Extract result from Iterator

I wanted to convert an Iterator of Result's into an Iterator of the inner values, but stopping at the first error and still having access to it, so threw together this code: https://play.rust-lang.org/?version=stable&mode=debug&edition=2018&gist=b3dcfad8212bd320dfee1f961a7f3aff .

My question is: Am I missing something built-in that does this already? If not, should/could the code be implemented in a better way?

PS: I'm aware of FromIterator, however I'd like to have an Iterator of inner values (not Result's) to work with while not having to collect them first. Perhaps I'm missing something obvious here.

Thanks.

You can collect iterator of Result<T, E> into Result<Vec<T>, E>. FromIterator is smart enough to flip it inside-out as needed.

["1", "fail", "3"].iter().map(i32::parse).collect::<Result<Vec<_>, _>()?

It will stop at the first error, but you won't have access to successful partial data.

If you want both, then fold can be used to collect data however you like it.

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This looks nice. I don't think there's any simple replacement for it in the standard library. The itertools crate has process_results which has a different design but might work for some of the same use cases.

You can also use take_while:

fn main() {
    let strings = &["10", "20", "30", "xyz", "50", "60"];

    let res: Option<std::num::ParseIntError> = None;
    let numbers: Vec<_> = strings
        .iter()
        .map(|s| s.parse::<i64>())
        .take_while(Result::is_ok)
        .map(Result::unwrap)
        .filter(|&n| n > 10)
        .collect();

    assert!(res.is_some());
    assert_eq!(vec![20, 30], numbers);
}

(Playground)

(Per @mbrubeck , this doesn’t meet requirements)

That doesn't save the error. (The first assert! fails.)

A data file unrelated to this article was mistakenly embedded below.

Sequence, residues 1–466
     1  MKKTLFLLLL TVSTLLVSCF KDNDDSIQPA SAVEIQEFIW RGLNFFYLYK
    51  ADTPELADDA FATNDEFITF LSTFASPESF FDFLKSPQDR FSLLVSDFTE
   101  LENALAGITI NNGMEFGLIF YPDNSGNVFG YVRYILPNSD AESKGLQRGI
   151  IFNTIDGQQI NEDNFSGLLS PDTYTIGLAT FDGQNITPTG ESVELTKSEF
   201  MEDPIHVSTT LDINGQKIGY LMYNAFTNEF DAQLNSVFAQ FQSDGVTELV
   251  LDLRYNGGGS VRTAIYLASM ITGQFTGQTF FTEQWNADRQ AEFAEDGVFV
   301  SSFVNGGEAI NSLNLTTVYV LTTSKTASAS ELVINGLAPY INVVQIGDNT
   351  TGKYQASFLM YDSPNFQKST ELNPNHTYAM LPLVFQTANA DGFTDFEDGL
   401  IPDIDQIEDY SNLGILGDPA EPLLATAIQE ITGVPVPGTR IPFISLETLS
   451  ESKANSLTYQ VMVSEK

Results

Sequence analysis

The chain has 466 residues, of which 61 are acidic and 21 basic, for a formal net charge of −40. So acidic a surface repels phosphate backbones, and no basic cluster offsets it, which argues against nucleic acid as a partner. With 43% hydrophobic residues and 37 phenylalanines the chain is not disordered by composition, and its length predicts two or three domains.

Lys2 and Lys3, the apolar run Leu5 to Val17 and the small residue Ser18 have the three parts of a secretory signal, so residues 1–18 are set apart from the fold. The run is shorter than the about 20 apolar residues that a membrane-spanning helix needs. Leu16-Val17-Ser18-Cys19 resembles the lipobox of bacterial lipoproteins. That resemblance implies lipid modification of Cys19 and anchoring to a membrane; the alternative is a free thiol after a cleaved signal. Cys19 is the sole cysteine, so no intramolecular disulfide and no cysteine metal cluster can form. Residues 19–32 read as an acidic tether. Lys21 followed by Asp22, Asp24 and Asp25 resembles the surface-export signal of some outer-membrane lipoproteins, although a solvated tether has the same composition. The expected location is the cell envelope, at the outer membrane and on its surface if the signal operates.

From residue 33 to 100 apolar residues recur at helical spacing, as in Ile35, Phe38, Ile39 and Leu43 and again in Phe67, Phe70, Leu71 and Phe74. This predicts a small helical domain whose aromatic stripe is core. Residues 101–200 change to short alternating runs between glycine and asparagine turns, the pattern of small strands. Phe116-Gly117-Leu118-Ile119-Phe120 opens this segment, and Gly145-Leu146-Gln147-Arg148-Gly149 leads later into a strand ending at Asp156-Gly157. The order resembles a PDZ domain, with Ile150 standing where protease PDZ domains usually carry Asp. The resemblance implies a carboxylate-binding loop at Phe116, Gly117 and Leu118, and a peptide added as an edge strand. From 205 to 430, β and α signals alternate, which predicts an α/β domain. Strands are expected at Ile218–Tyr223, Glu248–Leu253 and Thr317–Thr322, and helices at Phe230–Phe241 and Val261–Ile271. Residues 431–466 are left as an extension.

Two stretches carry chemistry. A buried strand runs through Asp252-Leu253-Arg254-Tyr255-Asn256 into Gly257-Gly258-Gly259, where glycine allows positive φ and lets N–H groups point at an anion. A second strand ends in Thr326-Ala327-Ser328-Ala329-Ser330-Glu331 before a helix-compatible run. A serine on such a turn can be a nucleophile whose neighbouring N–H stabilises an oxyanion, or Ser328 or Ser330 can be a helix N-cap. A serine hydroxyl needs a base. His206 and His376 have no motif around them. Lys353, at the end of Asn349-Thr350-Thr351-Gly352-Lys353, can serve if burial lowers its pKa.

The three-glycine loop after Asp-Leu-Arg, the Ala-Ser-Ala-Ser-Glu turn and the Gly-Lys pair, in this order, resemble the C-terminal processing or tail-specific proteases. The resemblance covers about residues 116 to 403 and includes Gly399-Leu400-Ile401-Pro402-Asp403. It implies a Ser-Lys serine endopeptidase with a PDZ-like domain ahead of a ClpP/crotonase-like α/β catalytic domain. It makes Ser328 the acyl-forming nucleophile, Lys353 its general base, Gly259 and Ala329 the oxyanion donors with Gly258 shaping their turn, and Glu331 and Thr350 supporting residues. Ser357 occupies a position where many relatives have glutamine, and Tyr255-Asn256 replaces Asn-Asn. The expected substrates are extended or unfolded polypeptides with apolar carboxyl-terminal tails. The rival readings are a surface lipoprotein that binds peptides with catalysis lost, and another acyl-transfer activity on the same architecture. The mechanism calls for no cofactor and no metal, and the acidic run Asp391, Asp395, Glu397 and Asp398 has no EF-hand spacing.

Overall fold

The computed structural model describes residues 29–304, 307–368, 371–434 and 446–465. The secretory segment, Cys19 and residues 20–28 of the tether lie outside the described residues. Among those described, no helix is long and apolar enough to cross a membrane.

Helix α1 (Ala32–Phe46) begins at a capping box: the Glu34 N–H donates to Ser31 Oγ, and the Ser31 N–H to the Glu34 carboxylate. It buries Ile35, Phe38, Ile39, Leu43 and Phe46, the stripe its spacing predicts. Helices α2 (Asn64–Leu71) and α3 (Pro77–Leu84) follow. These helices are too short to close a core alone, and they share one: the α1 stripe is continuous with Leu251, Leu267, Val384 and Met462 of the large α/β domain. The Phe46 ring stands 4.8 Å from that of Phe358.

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My example code probably didn't illustrate the problem well, but I'd like to pass the iterator of non-Result values elsewhere, while still saving the error.

It doesn't fail here. Strange :frowning:

Here's a slightly modified version to illustrate without collecting the items.

https://play.rust-lang.org/?
version=stable&mode=debug&edition=2018&gist=5513b121e02d05c0e0fe54ef6b28d174

Here’s some updated code that does, but side effects in the take_while closure don’t sit well with me:

fn main() {
    let strings = &["10", "20", "30", "xyz", "50", "60"];

    let mut res: Option<std::num::ParseIntError> = None;
    let numbers: Vec<_> = strings
        .iter()
        .map(|s| s.parse::<i64>())
        .take_while(|r| match r {
            Ok(_) => true,
            Err(e) => { res = Some(e.clone()); false }
        })
        .map(Result::unwrap)
        .filter(|&n| n > 10)
        .collect();

    assert!(res.is_some());
    assert_eq!(vec![20, 30], numbers);
}
1 Like

Here's a version using map and Itertools::while_some: Playground.

(If you don't want the itertools dependency, you could replace the while_some with a combination of take_while and map, but it gets a bit noisy...)

1 Like

It would be great to have an adapter that did impl Iterator<Item = Result<T, E>>Result<impl Iterator<Item = T>, E>. But unfortunately that just can't be implemented elegantly.

The core problem is that you must iterate the whole iterator to find out whether it needs to be an Err, but for the iterator to produce them later, it needs to store those items somewhere, at which point this is just collect.

What you're doing looks like it's fairly similar to what collect-into-Result does internally:

But I don't think the library ever exposes that iterator directly, right now.